There are many words which could describe the last two months of this project. "Inactive", "dead" and "dormant" are all viable choices. Possibly the most appropriate descriptive word is "interrupted". My progress has been interrupted by work, time conflicts and non-existent floor space...but it hasn't been interrupted by a lack of motivation.
It wasn't until yesterday that I realized it has been two months since I have updated this blog (or journal?) with anything of real substance. Not one substantial piece of progress had been made on my project. This aggravates me. Each and every day I see the pieces of my balloon sitting in the corner of the shop, folded neatly, awaiting assembly. I hadn't forgotten about the balloon by any means. Most days I wondered how I could manage to clear the floor for a significant amount of time to get one more seam sewn together. Those delusional dreams were usually crushed by the arrival of another balloon which would be placed inconveniently where I was going to lay out my fabric... such is life...
But today was different. My day dream lasted longer than usual. I was thinking about how great it would be to have a full day to work on putting together the 16 gores and be able to finally have an update for the people anxiously awaiting news on the build (right?). Then something unusual happened...absolutely nothing! Nobody was coming in today, the floor was clear, and I had the entire shop to myself! Let the PROGRESS BEGIN!
The short and sweet of assembling the gores:
Each seam (with load tape) takes approximately 40 minutes to sew. This is without a folder or a tape guide. Unfortunately the coating on my 1.9oz fabric does not like to slide through the seam folder, nor on the sewing machine table. This causes my sewing time to increase because the fabric drags a considerable amount. The occasional application of dry silicon spray helps, but doesn't last very long.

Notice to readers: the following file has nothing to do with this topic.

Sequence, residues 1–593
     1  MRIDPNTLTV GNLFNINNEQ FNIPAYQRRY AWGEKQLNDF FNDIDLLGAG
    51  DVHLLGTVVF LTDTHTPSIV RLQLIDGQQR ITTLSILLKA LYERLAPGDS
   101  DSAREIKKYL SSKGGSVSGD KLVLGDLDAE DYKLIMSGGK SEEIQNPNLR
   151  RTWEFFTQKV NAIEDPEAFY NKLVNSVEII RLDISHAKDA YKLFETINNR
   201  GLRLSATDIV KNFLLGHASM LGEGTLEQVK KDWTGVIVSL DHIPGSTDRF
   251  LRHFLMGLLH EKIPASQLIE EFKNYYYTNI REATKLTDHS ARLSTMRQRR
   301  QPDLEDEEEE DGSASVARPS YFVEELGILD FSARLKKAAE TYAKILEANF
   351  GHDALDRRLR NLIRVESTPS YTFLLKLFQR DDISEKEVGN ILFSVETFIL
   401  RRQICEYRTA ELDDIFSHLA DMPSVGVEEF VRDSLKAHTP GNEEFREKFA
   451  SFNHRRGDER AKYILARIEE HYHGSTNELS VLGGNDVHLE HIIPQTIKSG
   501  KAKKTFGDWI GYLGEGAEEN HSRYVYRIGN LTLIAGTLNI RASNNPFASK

I have left 18 inches of extra load tape at the throat of the balloon so I can double it back to create a 1 inch loop which will contain two 5000lb Dee Rings and the remaining 16 inches will be sewn to itself to provide structural support. Some might wonder why I chose 5000lb Dee Rings for such a small balloon and the answer is simple...they were cheaper than the lower load rated ones. One ring will serve as the skirt attachment point and the other will attach to a rapid link which connects my suspension cables (seen towards the end of this post). As of today, I have managed to assemble a total of 8 gores. HALF THE BALLOON! I greatly exceeded any and all expectations of work to be completed today. My passion for the project has been reignited, and it feels great!
Here are a few photos of 6 gores sewn together. I have said it before, and Ill say it again! "The colors pop so well against the dark fabric" I cant wait to see it inflated!"
Sewing the fabric wasn't the only thing I manged to get done today. I also made my stainless steel suspension cables. 8 double sets of 1/8 inch cable. They are strong, sturdy and weight tested. The rapide links will attach to the Dee Ring on each gore tape of the balloon.
Pictured: Nicropress tool, a small thimble which attaches to the rapide link, a large thimble which attaches to a carabiner, 1/8 inch SS cable and a copper ferrule.
16 Rapide Links which will attach to the Dee Rings on the envelope throat edge.
Completed thimble ends with rapide links attached.
All 8 double sets completed.
With any luck, I will be able to begin working on the remainder of the envelope tomorrow. Hopefully the floor will remain cleared for me...check back soon!